Since the USMNT has never advanced beyond the quarterfinals (2002), the next level for U.S.men’s soccer constitutes earning a berth in a World Cup semifinal. Klinsmann has reached the semis before, as coach of Germanyin 2006, but he lost that game and had to settle for a 3rd place finish in a tournament his country hosted.

Reaching the semifinals isn’t necessarily the brink of winning a World Cup, though it’s awfully close. There’s certainly something to take away from a Top 4 finish in planet Earth’s biggest tournament — honor, notoriety, etc – but expectations need to be greater.

Scads of writers are saying this is a sure-fire match, the USMNT and Klinsmann. I’m a little more apprehensive. What’s really in this for U.S. Soccer? Is Klinsmann the great European soccer prodigy that will alter this country’s fortunes forever, as was described in the book “Soccernomics”?

Is a 3rd  place finish at the World Cup enough of a credential to create this kind of furor over a guy who lives in Newport Beach  and occasionally consults a bad Major League Soccer franchise?

After five long years of courtship, U.S. Soccer president Sunil Gulati hires Klinsmann at a time when the men’s U-20 and U-23 teams do not have managers and the national team plays Mexico in less than two weeks?

It may not be the best of timing, but this is where the rubber meets the road.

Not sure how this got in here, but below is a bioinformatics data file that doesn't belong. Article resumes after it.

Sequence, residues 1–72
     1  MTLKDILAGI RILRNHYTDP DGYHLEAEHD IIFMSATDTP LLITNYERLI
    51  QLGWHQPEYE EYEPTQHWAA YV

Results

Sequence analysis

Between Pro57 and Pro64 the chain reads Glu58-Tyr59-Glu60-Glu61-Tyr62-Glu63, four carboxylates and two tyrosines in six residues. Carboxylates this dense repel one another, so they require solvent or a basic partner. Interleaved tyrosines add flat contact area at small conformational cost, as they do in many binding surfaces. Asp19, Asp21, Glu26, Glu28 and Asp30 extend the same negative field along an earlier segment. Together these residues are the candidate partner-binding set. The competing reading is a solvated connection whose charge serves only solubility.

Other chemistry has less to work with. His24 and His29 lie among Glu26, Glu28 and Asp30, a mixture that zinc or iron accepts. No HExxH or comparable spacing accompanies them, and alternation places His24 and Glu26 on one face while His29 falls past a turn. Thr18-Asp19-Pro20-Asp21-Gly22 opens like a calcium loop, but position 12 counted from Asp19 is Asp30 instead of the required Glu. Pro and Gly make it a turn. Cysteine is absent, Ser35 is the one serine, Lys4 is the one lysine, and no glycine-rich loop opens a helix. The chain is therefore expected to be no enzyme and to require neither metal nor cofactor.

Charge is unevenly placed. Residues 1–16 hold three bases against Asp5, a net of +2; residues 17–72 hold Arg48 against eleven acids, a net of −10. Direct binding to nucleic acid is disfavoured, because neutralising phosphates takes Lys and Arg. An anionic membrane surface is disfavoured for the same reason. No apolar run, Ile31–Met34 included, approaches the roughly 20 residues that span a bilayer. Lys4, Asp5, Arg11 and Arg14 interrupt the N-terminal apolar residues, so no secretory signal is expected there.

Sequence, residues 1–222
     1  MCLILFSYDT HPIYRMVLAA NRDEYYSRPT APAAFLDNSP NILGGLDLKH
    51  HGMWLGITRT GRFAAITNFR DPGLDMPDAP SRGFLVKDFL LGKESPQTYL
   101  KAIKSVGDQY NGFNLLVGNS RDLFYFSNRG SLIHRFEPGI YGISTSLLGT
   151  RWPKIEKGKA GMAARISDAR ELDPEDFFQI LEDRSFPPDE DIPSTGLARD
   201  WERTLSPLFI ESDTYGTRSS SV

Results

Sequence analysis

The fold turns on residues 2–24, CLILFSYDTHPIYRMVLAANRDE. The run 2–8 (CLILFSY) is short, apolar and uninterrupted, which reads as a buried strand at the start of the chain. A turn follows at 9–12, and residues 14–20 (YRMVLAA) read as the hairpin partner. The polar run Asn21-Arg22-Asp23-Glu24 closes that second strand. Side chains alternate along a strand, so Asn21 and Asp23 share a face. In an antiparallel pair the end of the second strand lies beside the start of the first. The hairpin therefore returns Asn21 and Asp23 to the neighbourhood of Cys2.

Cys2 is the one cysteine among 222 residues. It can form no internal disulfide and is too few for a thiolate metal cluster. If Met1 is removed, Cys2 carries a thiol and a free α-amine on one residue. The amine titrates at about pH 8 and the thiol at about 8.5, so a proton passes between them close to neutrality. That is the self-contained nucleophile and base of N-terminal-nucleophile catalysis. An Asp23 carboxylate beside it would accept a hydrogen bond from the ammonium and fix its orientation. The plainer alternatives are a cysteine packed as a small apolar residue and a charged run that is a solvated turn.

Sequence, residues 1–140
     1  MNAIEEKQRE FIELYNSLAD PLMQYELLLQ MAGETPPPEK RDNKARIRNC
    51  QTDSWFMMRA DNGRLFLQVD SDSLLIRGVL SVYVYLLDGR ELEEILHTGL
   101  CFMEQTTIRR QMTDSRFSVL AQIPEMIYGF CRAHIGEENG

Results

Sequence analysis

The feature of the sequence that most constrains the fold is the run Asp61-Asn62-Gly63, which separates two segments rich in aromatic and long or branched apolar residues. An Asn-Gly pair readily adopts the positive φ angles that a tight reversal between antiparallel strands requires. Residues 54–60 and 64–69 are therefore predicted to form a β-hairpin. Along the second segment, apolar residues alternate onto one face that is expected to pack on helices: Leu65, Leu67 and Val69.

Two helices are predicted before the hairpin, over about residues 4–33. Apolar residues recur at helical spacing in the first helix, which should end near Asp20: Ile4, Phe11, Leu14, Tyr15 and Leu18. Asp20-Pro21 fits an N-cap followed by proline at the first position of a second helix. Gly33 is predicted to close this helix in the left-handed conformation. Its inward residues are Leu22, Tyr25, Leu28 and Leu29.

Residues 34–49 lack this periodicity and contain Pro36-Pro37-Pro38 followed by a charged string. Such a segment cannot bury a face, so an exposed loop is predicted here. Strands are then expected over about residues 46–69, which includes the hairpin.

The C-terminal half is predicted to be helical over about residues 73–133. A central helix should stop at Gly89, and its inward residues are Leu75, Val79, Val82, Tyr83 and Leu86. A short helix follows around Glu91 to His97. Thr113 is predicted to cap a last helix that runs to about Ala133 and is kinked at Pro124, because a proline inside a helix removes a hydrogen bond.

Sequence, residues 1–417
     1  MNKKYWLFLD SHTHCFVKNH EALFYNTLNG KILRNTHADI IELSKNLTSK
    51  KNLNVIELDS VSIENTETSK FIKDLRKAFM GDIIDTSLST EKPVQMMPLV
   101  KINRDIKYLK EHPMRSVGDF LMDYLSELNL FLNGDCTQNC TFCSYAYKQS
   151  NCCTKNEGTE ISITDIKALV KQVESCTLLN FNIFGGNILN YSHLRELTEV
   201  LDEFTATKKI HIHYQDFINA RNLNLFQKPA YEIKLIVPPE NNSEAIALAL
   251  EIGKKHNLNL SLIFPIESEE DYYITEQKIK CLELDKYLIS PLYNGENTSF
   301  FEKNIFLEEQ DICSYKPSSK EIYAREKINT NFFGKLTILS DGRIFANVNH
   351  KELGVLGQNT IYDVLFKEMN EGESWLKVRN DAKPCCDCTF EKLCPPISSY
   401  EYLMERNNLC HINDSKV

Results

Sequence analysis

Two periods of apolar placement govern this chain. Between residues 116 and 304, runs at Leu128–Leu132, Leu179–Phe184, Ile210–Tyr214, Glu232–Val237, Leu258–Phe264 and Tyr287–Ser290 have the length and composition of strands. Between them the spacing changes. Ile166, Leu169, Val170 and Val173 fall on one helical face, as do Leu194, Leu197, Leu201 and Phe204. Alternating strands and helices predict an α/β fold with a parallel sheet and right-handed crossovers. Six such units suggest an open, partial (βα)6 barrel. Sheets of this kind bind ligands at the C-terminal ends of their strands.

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Filed under MLS, Soccer, U.S. Soccer, USMNT, World Cup

Bob Bradley’s Time Was Up

It was clear to see after the U.S. men’s national soccer team lost to Ghana in the Round of 16 at last summer’s World Cup.

Bob Bradley’s time was up.

Never a tactician, Bradley was forced to engage his team on an emotional level moreso than mental.

And allowing a defensive lapse (and goal) in extra time against Ghana proved his methods were not sustainable. No longer was he a coach who could inspire victory. His motivational powers had reached their zenith.

Nevertheless, he was retained by U.S. Soccer Federation president Sunil Gulati and led the USMNT for another year, another tournament. This time, the Gold Cup, North American’s regional tournament.

Bradley’s roster selections for the Gold Cup were unbalanced. His lineup changes were slightly better.

If not for the inspired play of Freddy Adu toward the end of the tournament, this Gold Cup would have been near complete and total disaster. Not that losing to Mexico, in the title game, after leading 2-0, isn’t complete and total disaster.